Bulking Up

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I never imagined some thirty plus years ago when I was processing insurance declarations as a green Broker’s Assistant, making careful note to distinguish when a CIF certificate actually received the “containerized” discount over the break bulk mode on the marine insurance rate, that I would once again be reviewing the concept with cotton merchants. 

Back in those days it was regular bulk sailings from Brazil to Venezuela, Benin to Brazil, Paraguay to Portugal, Greece to the Far East, China to Bangladesh, Latvia and Russia to anywhere! 

Often vessels were solid, well built, and in the regular bulk trade.  But just as often they were not!  It seemed like any vessel that could float (and that term was loosely used) could be hired to move cotton.  I remember old Russian fishing vessels “repurposed” with the fall of the Soviet Union to capture more lucrative international trade. 

The world was awash with capacity and commodities – including cotton – were eager to oblige.   

As could be expected, heavy losses ensued.  Vessels sunk, turtled, or simply ruined cargo in holds due to faulty loss control systems, decrepit combings and hatch covers, and general rust and neglect.  Not only was cargo in peril, but seafarers were also working in horribly dangerous conditions. 

Scrutiny of the intended vessels was a must; but, older on-board equipment wasn’t always as dependable as reported.  

Finally, the marine industry had no choice but to push back.  Led by the IMO and the SOLAS Convention (Safety of Life at Sea), new regulations and standards started to see worldwide implementation in the late ‘90s and early ‘00s.  New training and safety certificates became mandatory for ships to enter ports.  Marine insurers also had enough. Extreme insurance surcharges by both P&I and cargo insurers were levied on older vessels to discourage their use and push the trade to newer, compliant ships.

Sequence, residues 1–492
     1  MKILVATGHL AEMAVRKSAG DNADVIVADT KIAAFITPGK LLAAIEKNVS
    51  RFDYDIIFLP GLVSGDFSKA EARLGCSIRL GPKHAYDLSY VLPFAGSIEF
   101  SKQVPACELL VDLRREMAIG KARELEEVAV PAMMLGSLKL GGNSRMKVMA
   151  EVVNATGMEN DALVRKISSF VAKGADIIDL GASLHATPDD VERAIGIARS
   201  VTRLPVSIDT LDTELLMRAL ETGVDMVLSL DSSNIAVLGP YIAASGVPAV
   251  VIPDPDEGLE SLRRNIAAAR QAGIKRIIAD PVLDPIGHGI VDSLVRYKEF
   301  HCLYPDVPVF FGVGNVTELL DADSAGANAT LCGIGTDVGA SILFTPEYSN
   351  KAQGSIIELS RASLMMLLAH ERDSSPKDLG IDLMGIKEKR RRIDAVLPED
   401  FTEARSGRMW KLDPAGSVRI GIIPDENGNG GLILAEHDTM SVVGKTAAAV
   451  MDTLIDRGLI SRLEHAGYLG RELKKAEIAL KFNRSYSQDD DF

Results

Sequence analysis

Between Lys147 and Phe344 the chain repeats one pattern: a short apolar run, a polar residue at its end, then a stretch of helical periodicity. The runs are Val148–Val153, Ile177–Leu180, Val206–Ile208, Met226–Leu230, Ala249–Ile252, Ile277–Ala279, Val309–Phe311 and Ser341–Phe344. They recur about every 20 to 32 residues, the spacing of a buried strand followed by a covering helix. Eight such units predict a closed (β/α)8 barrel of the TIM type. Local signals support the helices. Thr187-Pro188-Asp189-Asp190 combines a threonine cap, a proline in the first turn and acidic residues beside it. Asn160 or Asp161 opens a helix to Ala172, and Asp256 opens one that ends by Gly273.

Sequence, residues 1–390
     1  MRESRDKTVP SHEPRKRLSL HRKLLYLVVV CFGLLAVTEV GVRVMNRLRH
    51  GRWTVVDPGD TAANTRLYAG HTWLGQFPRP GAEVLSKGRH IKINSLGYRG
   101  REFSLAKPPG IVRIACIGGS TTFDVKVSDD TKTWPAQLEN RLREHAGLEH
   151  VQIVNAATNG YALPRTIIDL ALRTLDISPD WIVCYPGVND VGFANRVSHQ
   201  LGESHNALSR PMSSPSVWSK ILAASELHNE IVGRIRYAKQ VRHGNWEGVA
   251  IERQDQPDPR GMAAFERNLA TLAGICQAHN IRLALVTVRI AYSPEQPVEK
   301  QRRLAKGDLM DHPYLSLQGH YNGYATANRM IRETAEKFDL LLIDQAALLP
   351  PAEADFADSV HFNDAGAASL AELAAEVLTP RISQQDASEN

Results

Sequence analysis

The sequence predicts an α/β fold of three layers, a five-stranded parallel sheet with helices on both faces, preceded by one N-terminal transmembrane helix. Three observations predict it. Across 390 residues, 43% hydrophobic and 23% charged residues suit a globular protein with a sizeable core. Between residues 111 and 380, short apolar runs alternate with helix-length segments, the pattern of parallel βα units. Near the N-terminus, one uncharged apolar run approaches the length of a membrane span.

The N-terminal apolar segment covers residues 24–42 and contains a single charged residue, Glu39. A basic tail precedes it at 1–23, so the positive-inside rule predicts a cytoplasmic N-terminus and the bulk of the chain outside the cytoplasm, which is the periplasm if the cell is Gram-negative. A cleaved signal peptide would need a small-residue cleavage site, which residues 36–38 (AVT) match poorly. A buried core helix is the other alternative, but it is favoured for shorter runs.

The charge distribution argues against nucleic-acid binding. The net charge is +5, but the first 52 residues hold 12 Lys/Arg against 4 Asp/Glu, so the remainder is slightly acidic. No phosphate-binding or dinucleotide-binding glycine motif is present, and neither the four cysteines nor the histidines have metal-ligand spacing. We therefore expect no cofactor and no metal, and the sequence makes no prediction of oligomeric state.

The economies of scale and freight value for break bulk started to disappear.  More importantly, the now ubiquitous container sealed break bulk’s fate.  The containerized trade greatly improved the speed, logistics, cost, and doorstep delivery to overseas mills.  Break bulk was rendered obsolete. 

In the twenty years since, new supply chains were honed with great precision and efficiency.  To be sure there still were challenges, but on the whole, bales continued to move in numbers under ever shrinking budgets and traffic departments. 

Then came the pandemic.  The compounding cargo snarl post-Covid has left commodity shippers with exorbitant additional freight costs when and if containers can be found at all.  Horror stories abound from every origin on how and when cotton will be exported.   

Resourceful merchants who must meet contractual commitments were forced into looking at other options. Initially cotton shippers trying to catch any available vessels looked into costly re-positioning near ports where empty containers might be more easily coaxed into carrying cotton. 

Naturally, break bulk shipments look to be an ideal solution, ready to come out of retirement to carry the load.   

Break bulk shipments today can be very efficient especially since the majority of the global cotton exports are now destined to a more concentrated number of spinning countries.   

There are however significant hurdles to overcome.